Assume that both you and your “significant other” have an unexpected day off on the same day. How would you spend your time?
Ready? Okay then. Give yourself an A+ if you answered in any way that would include your discussing that you would at first need to sit down and talk about it with your partner. Give yourself a zero if your idea did not include some consultation with your partner and you “assumed” they would go along with your choice. (Example, “we would go to the beach together, of course”) And give yourself a zero if you “assumed” that you would do two separate activities on this day. (Example, “I would probably catch up on my actual work and my partner would probably visit with their family”). The key word here is the word “assume”
This little exercise illustrates one of the greatest problems people have in marriage; one I believe is the number one reason people divorce. That is the handling of irreconcilable differences.
So, here is the bottom line about your relationship: you are two different people who will need to negotiate and not argue about the things you do together in your relationship. Simply assuming that you are going to be together or simply assuming the opposite, which is that you will be separate and do different things during this day off, are both simply wrong.
That is because you are different and you will always need to negotiate these differences in your relationship is to be successful. Also, it’s always nice to negotiate your together time. This is because even though you are different, you are, after all, in a relationship together.
The mindset that you are different and will always need to negotiate your together time is the starting point of your marriage; in other words, marriage begins with irreconcilable differences.
If you don’t have that belief firmly entrenched in your mind at the beginning of each day, you will have lots of problems. Even in the beginning stages of a relationship; and in spite of the fact that the couple thinks they are very similar and share interests, they are in actuality incredibly different even though they are usually speaking endlessly about each other’s similarities.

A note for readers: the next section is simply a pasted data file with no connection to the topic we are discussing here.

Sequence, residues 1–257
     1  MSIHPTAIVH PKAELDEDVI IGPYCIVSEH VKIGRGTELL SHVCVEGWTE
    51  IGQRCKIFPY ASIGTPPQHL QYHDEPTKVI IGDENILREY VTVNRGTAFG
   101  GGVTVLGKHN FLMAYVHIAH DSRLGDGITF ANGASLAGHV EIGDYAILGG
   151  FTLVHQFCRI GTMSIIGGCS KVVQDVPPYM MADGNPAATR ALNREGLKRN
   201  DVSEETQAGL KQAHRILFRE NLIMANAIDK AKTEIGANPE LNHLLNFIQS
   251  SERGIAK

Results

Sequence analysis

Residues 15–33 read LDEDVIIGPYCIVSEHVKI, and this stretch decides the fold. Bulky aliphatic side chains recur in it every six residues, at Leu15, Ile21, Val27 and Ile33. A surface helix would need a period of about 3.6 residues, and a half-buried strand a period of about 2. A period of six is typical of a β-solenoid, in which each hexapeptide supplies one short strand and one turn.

Think about all the ways people can be different: we have different genes, we are of different genders, different upbringings, different value systems, different beliefs about God and different life experiences– and that is just for starters. Can you appreciate the fact that you have had different educational experiences, different parenting philosophies, different family configurations, different birth orders, and different friends throughout your lives? Or how about different work, hobby, friendship, and eating preferences?
Not every issue needs to be raised. Simply loving and caring deeply for our partner may prevent many things from ever becoming issues. Marriage is NOT for getting our needs met; it’s for learning how to love and for finding out where we need to become more refined. For example, maybe we could let go of the dishes left in the sink. Hey, they made it to the sink! Most of life is rather boring; most days are filled with monotony and doing the same things again and again. Find the joy in them anyway!
Couples who are successful have some hidden world within these ordinary moments and these moments are key to couples building friendships and sexual intimacy. Foreplay happens all the time. In Gottman’s “sound relationship house theory,” conflict, friendship, and sense of purpose and meaning form three inter-locking circles.Link to original